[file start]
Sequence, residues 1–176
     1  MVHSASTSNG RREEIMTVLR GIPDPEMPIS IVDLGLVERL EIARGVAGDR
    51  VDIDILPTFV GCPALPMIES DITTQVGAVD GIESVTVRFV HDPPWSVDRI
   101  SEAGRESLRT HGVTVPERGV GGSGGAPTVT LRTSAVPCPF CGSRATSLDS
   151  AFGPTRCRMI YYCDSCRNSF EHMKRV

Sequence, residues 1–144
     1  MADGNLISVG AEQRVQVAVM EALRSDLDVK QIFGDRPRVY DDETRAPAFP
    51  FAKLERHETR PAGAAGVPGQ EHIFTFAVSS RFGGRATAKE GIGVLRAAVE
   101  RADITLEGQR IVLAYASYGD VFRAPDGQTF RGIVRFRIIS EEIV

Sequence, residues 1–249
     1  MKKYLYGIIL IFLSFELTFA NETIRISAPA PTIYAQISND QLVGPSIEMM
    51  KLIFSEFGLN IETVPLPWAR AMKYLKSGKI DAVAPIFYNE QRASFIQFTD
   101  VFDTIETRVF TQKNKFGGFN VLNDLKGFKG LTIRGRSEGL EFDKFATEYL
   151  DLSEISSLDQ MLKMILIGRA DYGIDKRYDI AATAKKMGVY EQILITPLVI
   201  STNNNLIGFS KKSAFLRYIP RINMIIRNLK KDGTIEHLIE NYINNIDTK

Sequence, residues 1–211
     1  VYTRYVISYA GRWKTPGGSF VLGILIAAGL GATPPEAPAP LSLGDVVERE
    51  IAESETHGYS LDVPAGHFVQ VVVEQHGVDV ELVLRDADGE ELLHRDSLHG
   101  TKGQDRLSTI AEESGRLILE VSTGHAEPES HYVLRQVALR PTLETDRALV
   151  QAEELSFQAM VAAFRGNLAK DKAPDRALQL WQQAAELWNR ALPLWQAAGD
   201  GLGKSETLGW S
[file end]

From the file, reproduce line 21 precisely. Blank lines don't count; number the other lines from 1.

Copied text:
   201  GLGKSETLGW S